Published: November 21, 2010
According to Tennessee law and precedent, The Murfreesboro Post is a newspaper of general circulation.
According to an Attorney General’s opinion from May 2007, “The Murfreesboro Post is a … newspaper of general circulation for the purpose of publication of most official notices.”
The Post doesn’t qualify under state law to publish notice from the Election Commission because it is a free publication, but in all other public notice instances it qualifies.
Earlier this week Chancellor Robert Corlew opined “the county should consider using its TV channel and internet more as well as making notices available in other mediums, even though it wasn’t entered as proof to what extent the county made notice,” Post contributor Christian Grantham reported.
Corlew went on to editorialize, with no substantiating evidence, that The Post may not be a newspaper of general circulation because it is published weekly and distributed across the county in racks and boxes for free.
But under Tennessee State Law, it is.
According to Cook v. McCullough, a 1989 case cited by the Attorney General in his aforementioned 2007 opinion, even a weekly publication can be considered a newspaper of general circulation for the purposes of public notice.
Cook et al. set forth three criteria to judge whether a newspaper is of general circulation:
1. The publication should be available in all parts of the county.
The Post distributes 9,000 copies to more than 300 rack and box locations across Rutherford County, as well as 12,000 copies to homes in the Murfreesboro city limits.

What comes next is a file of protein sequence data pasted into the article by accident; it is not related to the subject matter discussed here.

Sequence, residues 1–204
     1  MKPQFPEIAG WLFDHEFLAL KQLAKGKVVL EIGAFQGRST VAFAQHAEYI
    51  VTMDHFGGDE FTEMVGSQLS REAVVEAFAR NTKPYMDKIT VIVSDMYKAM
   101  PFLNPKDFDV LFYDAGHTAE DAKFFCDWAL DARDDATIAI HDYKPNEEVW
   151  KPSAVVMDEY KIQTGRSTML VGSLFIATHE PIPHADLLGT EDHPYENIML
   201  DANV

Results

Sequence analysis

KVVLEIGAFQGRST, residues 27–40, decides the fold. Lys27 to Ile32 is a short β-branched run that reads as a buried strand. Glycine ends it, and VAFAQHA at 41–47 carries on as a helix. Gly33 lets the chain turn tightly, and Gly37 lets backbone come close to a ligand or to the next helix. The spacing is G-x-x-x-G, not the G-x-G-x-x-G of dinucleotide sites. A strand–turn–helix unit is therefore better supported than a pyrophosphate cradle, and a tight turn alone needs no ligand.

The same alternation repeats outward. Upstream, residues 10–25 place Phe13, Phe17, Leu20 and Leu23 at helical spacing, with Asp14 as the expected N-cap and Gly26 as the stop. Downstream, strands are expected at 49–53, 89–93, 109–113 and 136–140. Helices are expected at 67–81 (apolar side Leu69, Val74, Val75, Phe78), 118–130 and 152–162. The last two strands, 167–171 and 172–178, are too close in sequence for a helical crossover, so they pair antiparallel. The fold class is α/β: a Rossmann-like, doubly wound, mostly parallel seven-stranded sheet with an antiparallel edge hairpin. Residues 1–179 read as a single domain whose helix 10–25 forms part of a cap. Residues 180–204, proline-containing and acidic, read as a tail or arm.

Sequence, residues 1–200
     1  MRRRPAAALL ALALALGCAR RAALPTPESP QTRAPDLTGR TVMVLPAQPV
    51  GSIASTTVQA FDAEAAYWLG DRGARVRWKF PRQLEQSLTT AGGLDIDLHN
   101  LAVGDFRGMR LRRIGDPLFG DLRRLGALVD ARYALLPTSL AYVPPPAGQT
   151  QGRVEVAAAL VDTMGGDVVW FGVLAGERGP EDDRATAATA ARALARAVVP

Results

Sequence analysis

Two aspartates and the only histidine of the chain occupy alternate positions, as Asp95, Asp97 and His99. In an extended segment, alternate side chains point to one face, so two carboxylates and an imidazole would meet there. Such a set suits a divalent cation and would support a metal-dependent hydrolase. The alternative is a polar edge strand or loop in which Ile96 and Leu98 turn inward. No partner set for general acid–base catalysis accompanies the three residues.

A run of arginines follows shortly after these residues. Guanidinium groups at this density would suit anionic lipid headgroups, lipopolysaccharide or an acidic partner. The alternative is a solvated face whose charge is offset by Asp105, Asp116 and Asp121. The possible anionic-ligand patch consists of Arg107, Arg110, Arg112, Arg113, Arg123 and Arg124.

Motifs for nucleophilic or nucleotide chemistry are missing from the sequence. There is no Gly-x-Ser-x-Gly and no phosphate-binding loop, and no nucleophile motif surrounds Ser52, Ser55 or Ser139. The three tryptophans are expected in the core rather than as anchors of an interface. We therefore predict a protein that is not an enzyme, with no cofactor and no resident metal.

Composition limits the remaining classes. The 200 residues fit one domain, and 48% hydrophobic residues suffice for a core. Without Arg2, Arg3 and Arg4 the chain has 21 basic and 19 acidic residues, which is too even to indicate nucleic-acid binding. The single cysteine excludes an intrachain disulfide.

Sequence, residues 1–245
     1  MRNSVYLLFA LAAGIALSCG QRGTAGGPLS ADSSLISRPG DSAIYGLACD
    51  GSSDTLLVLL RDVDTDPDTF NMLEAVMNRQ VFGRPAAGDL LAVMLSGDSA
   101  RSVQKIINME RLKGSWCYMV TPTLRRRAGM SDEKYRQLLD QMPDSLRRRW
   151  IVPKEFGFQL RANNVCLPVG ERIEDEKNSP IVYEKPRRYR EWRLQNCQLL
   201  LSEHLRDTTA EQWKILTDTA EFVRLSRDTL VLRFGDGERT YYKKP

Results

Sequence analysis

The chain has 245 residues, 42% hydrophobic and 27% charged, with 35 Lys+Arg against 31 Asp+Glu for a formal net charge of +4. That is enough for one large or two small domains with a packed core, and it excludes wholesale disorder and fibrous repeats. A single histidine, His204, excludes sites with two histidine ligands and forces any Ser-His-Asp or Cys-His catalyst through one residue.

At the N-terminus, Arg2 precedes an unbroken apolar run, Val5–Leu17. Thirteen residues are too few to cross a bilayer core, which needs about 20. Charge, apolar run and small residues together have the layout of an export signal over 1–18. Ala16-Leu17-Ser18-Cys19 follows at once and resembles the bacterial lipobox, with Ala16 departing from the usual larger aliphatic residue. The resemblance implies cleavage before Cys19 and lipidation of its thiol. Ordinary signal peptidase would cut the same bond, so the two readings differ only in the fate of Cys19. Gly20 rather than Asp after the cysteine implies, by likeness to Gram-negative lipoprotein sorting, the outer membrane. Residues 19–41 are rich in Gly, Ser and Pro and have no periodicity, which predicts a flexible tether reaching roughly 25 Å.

2. It should be published at least weekly.
The Post is available to readers every Sunday.
3. It should contain at least 50 percent news of general interest to that public.
The Post carries local, political, sports and business features weekly, as well as community events and news of general interest.
Furthermore, had Corlew actually heard arguments on this topic, he would have known public notices can not be broadcast on the radio and television or posted on the internet and still count as sufficient notice per Tennessee Code Annotated. Only newspapers of general circulation carry that privilege.
For example, Cannon County only has one locally produced newspaper, the weekly Cannon Courier.
By his reasoning The Courier is inadequate for public notice because it is only produced weekly.
Another daily paper is distributed there, but only delivers 300 subscriptions. Is that a better alternative? In fact, Davidson County has one of the state’s largest daily papers and three free weeklies that publish public notices.
The Tennessee Press Association has 100 weekly member papers, compared to 26 dailies, that proudly serve their populations well.
Are all these papers inadequate for local governments to tell the public about upcoming meetings, hearings, budget changes, etc?
In short, no.